RIP Steve Jobs. I think we should all go out on our porches and hold our iPhones up to the sky.Thus, she was pleased to stumble across this photo on the New York Times website:
(Photo Credit: Tomohiro Ohsumi, Bloomberg News, via.)
She was also for some reason deeply moved to read that among the memorial tributes being left to Jobs outside his Palo Alto, CA home were a pile of apples with one strategically removed bite. Sometimes, only metonymy will do. (At least we think that's what the gesture is, rhetorically speaking. That part of our brains is a little rusty, but our highly capable research assistant Wik E. Pedia seems to agree with us on this point.) Bonus bit of poignancy: Jobs died at the height of apple season. There's a lot of apple eating going on. Every crunchy bite is, by a postmodern logic of transubstantiation through branding, a way of remembering Him.
Please note: We're not being sacrilegious or snarky, kids. This post is being typed on a MacBook Pro. This humble blog is full of images snapped on an iPhone 3G that will soon be replaced by an iPhone 4S that Moose has decided to buy as a way of saying, "Apple, we still believe. Also, dammit, we want to have a voice assistant and a video camera in our back pockets at all times."
My typist suspects she might never have become a blogger had Apple products not totally transformed her relationship to technology. The computer was nothing more than a glorified and often baffling typewriter until the day Goose brought a new Mac home from school and gave Moose permission to play with it while she went off to take a shower. Twenty minutes later, Moose had made her first iPhoto slideshow. That was the day she became a Mac person, having experienced for herself what folks meant when they rhapsodized about how intuitive the machines were and how perfect they were for working with images. In less than twenty minutes, she got it and has never looked back.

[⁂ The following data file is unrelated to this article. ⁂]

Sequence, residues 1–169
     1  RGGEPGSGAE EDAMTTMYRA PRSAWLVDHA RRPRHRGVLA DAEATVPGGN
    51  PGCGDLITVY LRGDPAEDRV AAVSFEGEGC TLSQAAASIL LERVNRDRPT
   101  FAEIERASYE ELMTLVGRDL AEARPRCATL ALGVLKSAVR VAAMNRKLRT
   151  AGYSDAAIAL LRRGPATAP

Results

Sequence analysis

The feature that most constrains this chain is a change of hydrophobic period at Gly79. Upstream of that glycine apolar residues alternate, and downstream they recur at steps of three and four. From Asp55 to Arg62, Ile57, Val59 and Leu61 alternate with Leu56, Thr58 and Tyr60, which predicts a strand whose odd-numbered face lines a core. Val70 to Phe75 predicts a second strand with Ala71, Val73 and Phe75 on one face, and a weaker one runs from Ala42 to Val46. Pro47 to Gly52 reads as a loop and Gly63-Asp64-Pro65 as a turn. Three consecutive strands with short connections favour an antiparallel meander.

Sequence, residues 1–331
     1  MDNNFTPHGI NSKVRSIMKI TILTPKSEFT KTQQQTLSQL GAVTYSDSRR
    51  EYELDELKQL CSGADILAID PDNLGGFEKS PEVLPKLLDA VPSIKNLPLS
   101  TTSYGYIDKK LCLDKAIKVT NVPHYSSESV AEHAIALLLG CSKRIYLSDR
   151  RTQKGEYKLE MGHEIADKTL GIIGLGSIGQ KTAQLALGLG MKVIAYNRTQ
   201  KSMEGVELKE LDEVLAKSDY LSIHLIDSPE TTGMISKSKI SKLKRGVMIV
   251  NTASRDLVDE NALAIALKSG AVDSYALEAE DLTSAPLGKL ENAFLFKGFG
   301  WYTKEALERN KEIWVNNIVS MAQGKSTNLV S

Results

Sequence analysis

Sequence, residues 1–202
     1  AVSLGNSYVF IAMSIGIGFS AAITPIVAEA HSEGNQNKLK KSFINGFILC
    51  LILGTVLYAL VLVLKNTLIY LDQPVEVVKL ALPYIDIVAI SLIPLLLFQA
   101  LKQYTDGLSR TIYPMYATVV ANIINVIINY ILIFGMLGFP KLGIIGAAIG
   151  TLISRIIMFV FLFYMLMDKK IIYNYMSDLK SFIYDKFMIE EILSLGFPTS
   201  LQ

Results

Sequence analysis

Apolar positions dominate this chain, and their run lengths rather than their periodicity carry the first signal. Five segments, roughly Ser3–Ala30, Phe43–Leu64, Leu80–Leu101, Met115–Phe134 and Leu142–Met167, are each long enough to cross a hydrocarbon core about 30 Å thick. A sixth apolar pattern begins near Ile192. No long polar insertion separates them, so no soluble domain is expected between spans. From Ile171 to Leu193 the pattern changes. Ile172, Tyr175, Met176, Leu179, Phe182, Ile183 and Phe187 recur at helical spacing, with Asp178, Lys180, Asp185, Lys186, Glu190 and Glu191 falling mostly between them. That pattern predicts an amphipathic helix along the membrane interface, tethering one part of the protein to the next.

Our good friend Cathy Davidson offers a marvelous tribute to Jobs that also acknowledges the dark side of the company he built: the shut-down nature of its products, its dependence on sweatshop labor to produce all those shiny, happy toys. It's important to acknowledge that dark side, even as we celebrate the creativity and connectivity Jobs both embodied and enabled. Davidson ends her post with a quotation from Jobs' famous Stanford commencement address. There's a reason the 2005 speech is famous, and we can't think of a better way to conclude these too brief remarks on a guy who transformed the world and left it far too soon:
Remembering that I'll be dead soon is the most important tool I've ever encountered to help me make the big choices in life. Because almost everything — all external expectations, all pride, all fear of embarrassment or failure -- these things just fall away in the face of death, leaving only what is truly important. Remembering that you are going to die is the best way I know to avoid the trap of thinking you have something to lose. You are already naked. There is no reason not to follow your heart.You are already naked: Indeed, you are, my pretties, and time is short. Carpe diem -- and, for dog's sake, have an Apple today.